Thanks again for all the responses!
  7. n m

    n m

    Nikkor 70-300 f4-5.6 ED is a waste of time or money since it is a licensed design from Tamron, and the Tamron badged version is half the price. Buyers of the lens do not like to hear this, but the lenses are there to take apart.

    The Sigma 70-300 f4-5.6 APO performance is very good for the price range. User comments are consistent in mentioning its sharpness. I agree. On an N80 it focuses quite quickly (it varies with the body). With the Sigma and Tamron 70-300 you also get a bonus 1:2 macro function workable for occasional use.

    I do not know what IS lens is in your price range but that technological edge really lies with Canon and the motor is in the lens in Canon models. I would like IS myself...
  8. I was thinking of the 75-300 IS in the $400 price range. I know this is first generation IS technology, so I don't know how good it is relative to a non-IS/VR lens of the same focal range.

    Another option I found is to buy a used Nikkor 75-300 f4.5-5.6. This lens rates a little higher in sharpness than the 70-300 ED or aftermarket offerings, according to Any thoughts on this?

  9. jbq


    The 75-300 f/4.5-5.6 has very good reviews indeed. Ken Rockwell also thinks very highly of it. It's close to twice as heavy as the 70-300G. If weight isn't an issue and if you can find one, go for it. Ken also likes the 70-210 f/4-5.6D
  10. If you're going to switch, then go with the Elan 7 and a 70-200 f/4 L combo. The L lens will focus faster, be vastly sharper, and allow for faster shutter speeds with the f/4 aperture, and you'll actually be able to get great results with it wide open. It is definitely within your budget.

    With the 70-300 (Nikon, Canon, or Sigma) you'll probably be at the f/4.5 at the 200mm end. Those lenses are also not optimal wide open and will require you to stop down 1 or 2 stops to adequately sharp images (I know; I had the Sigma). This stopping down will require longer shutter speeds.

    I'm sure 200mm will be sufficient for most "action shots" of your 4 year old. If in the future you need a longer focal length, you can always add the 1.4x TC and still get (reputedly) better images than the other consumer level zooms.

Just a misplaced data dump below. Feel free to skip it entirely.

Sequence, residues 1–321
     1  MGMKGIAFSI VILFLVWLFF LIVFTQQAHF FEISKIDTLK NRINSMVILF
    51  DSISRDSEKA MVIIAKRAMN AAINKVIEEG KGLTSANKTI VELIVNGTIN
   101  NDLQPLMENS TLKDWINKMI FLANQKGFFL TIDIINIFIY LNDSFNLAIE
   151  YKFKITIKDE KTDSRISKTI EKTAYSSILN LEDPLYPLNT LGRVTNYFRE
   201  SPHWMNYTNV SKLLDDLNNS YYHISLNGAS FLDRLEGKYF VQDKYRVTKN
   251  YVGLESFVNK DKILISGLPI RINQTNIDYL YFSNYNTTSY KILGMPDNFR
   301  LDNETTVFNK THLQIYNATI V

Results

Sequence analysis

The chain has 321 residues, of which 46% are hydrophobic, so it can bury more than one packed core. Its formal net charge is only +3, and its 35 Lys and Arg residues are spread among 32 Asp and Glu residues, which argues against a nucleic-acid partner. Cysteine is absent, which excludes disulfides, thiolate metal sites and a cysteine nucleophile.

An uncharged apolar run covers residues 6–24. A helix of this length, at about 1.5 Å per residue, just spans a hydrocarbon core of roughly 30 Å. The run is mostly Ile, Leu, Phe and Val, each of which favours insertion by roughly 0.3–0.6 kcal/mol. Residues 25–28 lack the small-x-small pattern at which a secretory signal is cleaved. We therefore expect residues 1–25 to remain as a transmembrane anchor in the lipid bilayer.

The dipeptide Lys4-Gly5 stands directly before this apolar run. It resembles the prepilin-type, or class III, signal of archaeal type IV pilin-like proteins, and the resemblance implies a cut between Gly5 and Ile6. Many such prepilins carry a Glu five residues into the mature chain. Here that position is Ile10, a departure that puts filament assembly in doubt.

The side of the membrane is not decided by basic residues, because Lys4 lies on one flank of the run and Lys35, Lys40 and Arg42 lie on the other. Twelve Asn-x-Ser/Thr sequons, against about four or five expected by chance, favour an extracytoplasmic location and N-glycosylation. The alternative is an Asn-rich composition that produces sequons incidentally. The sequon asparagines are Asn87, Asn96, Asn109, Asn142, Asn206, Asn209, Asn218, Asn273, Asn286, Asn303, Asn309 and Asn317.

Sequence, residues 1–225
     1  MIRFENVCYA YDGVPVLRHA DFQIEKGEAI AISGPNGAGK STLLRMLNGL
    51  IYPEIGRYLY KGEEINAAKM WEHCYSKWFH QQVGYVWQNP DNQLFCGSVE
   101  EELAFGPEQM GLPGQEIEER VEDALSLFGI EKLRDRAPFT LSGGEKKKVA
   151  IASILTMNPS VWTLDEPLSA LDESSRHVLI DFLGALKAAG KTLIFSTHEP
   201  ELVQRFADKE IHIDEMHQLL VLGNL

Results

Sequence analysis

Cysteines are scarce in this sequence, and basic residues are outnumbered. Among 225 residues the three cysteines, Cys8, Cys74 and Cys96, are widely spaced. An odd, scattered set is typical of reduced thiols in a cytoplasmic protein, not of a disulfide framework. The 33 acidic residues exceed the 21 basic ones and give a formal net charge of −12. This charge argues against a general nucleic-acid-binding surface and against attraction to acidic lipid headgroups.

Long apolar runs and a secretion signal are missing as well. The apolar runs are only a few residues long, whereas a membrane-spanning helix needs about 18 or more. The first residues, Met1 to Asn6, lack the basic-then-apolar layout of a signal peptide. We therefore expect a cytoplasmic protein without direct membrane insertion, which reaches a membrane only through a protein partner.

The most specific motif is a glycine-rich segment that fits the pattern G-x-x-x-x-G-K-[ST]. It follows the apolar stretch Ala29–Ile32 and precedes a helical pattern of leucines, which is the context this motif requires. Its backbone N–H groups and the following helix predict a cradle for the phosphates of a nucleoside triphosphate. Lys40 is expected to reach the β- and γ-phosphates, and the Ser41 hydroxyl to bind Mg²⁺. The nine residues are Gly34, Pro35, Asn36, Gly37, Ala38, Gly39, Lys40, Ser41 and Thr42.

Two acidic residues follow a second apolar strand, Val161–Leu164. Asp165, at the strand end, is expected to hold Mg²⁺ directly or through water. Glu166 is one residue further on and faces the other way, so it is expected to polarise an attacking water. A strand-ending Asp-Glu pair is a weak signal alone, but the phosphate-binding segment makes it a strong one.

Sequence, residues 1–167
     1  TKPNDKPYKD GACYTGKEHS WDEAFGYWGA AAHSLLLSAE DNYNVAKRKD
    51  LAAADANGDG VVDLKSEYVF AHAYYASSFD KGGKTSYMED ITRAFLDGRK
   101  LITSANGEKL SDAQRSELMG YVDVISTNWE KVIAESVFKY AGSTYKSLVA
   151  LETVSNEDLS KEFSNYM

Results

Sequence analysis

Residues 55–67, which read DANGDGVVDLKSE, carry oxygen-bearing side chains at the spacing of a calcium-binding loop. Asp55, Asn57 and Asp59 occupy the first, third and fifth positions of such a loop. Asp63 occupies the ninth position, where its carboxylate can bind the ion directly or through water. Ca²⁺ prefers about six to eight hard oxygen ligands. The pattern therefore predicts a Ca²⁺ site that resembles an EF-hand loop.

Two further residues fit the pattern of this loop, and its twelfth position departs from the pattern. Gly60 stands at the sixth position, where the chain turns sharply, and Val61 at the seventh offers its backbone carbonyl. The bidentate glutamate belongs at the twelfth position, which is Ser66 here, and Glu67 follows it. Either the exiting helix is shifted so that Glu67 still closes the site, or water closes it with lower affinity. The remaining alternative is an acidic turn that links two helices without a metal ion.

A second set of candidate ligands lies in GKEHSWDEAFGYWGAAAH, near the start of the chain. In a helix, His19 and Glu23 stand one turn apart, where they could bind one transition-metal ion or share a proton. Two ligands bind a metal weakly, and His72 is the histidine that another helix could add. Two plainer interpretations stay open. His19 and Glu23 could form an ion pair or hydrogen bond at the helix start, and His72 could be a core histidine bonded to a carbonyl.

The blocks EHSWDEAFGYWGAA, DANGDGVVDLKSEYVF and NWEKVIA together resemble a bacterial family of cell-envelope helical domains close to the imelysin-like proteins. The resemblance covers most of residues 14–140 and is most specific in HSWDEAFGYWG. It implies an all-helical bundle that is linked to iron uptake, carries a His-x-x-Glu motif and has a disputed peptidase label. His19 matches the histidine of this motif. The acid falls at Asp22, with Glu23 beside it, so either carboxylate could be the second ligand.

11. Weight is somewhat of an issue, as I do a lot of backpacking. Not to mention, the 75-300 has the push-pull zoom, which I have never used, but doesn't seem that appealing. Maybe the 80-200, though.
  12. Anyone know how the Nikon 70-210 F4 compares with the Canon 70-200 F4?
  13. The Canon scores a 4.1 at

    I don't see a listing for the Nikon lens. However, here are the scores for Nikon lenses.

    The weight difference between the L lens and the 70-300 is neglible. I've held both in hand and in practical terms, the weight difference is neglible.
  14. Go for the Elan 7 and the 75-300 IS. Being able to handhold the zoom with IS doing the stabilizing is a big benefit, especially if you're hiking without a tripod. It gives you a lot more freedom and mobility, while still allowing you to get really sharp photos that you might otherwise need a tripod for. It also has a faster frame rate (4 frames per second versus 2.5 frames per second) for those action/sports shots.
  15. Since you want to do a variety of things, I suggest a few primes in addition to the tele zoom (unfortunately, you already have a zoom that covers the focal lengths I'd recommend.. 50mm and 28mm... or a 35mm) Go ahead and use the kit zoom (it will help you get a feel for the different focal lengths) and a 50mm is always a great addition (or 35mm) The tele zooms in the 70/100-200/300mm range are usually not best at the long end, so if you get one that goes to 300mm, consider limiting it's use to 200mm... they are hard to steady at 300mm anyway. Also, there are a few nice constant aperture zooms (around f/4) in the 70-200mm range that do a decent job. I do manual focus so can't help you with auto focus issues. Once you really want to go long (like 300mm and above) a "prime" (non-zoom) is good but I'd go with a tripod, so you have to be realistic about what you can handhold. A slightly wider view (less zoomed in) is better than a zoomed in image that's blured from camera movement.